Enter Beko with its Freezer Guard tech. Models that have it, like this Class A+, 104-litre chest freezer, can operate in temperatures as low as -15˚C.
Conversely, it’s just as happy keeping your food frozen in temperatures as high as 43ºC. That’s a pretty wide margin of operation and one that’s certainly worth considering if you plan on housing the freezer in an area with no insulation.
As with all chest freezers, this is an unappetising, white lump of metal with a hatch on the top. But, hey, if it's in your shed, who cares?
It freezes stuff efficiently, without using too much electricity, though you will need to defrost it from time to time.
The down side, as ever, is that finding items can entail having to bend over and rummage around at the bottom of a large box, though there is a sliding basket on top for your most-used items.
A fridge is used far more commonly than a freezer, so if you have the space you’d be better off having a tall-standing fridge and a small under-counter freezer for those little-used but undeniably handy items like ice cream, frozen chips, frozen veg, spare cuts of meat, the odd bag of ice and the surplus bolognaise sauce you made for last night’s Italian bash.
Like the winning Liebherr, this built-in 98-litre model has just the right dimensions to fit under the kitchen worktop and between the cabinets. It has three pull-out drawers and a superFreeze function that quickly reduces the temperature when adding new shopping loads. Being of Germanic origin, you can bet it performs admirably well.
If you have a large family, consider this extremely cavernous 250-litre chest freezer. Mind, you’ll need a utility room for it because it’s ostensibly just a massive white box with a lid.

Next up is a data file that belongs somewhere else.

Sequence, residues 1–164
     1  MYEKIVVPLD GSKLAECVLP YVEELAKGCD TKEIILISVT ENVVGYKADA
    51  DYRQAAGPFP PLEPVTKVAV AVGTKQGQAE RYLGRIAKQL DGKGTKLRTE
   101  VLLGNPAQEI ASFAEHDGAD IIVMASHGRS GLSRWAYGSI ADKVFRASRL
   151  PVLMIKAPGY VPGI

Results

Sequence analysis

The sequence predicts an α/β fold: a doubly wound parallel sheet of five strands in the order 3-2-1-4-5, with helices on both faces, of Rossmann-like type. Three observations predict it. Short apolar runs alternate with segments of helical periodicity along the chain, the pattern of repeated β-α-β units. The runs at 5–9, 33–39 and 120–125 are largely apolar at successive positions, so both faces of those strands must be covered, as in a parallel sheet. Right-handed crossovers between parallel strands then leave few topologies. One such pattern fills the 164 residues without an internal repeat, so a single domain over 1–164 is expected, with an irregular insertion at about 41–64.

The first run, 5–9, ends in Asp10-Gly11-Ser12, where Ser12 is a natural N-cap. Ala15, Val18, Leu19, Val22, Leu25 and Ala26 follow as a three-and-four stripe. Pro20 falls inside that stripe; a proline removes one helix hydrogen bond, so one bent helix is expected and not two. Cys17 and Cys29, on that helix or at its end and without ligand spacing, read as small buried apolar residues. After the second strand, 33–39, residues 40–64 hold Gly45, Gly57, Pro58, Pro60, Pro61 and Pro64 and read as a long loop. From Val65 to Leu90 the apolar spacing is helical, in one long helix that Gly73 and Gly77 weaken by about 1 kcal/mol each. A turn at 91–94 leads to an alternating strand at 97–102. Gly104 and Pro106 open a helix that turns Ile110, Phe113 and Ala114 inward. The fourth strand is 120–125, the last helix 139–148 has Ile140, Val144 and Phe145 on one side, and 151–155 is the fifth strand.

Chest freezers usually have the largest capacity because they aren’t compartmentalised. And that means there’s no limit to what you can shove in them. However, all this space does come at the expense of practicality since retrieving anything from the depth of their cavernous bowels involves a lot of item shuffling.
Bear in mind that this model will require manual defrosting at some juncture and – like most freezers – it is not designed for outhouse, garage or shed placement. If you want a freezer capable of operating in below-freezing temperatures, check out the Beko model reviewed above.
Freezers used to be plain white boxes with little in the way of style. No more, as the AEG AGB62226NX attests, arriving as it does with a stainless steel exterior that really looks the business. Pull open the door and inside it’s, well, traditional white, but there’s also plenty of space for around 9 bags of shopping, which means while it's not the biggest capacity appliance out there it is impressive.
AEG build quality reigns supreme here too, with excellent finishing touches on offer. We particularly like the cool temperature display. Meanwhile, AEG has done a sterling job with the six interior drawer compartments, because while they’re mainly clear plastic they look reassuringly high-end. We also like the MaxiBox drawer too, which is a giant-sized container that holds the sort of big stuff you get in for Christmas – think Turkey here.
There’s FastFreeze functionality on offer, which means if you put new additions into your freezer boxes the appliance will compensate and get them down to the right temperature quick smart. That should mean you’ll lock in freshness, especially when it comes to veg-based items. The AGB62226NX is, as you would expect from AEG, frost free so it’s low-rent in that respect, plus the quietish 42dB operational noise is appealing too.